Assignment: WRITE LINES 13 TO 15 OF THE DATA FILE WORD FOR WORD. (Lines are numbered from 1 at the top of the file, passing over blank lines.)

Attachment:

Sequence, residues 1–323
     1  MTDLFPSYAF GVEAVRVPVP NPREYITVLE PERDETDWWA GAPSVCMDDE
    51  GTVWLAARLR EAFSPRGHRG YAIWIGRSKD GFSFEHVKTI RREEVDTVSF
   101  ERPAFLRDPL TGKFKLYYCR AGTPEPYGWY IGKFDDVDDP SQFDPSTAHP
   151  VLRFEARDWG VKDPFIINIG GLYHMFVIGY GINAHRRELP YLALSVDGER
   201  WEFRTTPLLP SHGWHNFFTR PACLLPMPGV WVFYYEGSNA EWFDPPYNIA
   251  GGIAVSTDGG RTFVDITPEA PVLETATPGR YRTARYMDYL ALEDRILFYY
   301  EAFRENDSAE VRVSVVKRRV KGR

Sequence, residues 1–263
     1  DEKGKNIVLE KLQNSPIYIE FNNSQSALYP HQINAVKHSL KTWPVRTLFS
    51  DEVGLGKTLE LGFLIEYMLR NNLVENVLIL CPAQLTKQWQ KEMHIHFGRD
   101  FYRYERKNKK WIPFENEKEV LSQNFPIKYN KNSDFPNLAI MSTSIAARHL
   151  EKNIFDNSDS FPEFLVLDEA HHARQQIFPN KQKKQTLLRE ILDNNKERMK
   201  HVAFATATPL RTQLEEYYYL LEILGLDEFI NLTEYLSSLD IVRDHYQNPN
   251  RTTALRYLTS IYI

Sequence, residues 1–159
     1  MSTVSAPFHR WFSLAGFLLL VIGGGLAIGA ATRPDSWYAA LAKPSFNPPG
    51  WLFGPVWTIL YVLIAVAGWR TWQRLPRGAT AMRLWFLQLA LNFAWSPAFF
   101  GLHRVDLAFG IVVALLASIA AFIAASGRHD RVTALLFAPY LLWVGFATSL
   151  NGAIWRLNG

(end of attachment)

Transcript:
   151  EKNIFDNSDS FPEFLVLDEA HHARQQIFPN KQKKQTLLRE ILDNNKERMK
   201  HVAFATATPL RTQLEEYYYL LEILGLDEFI NLTEYLSSLD IVRDHYQNPN
   251  RTTALRYLTS IYI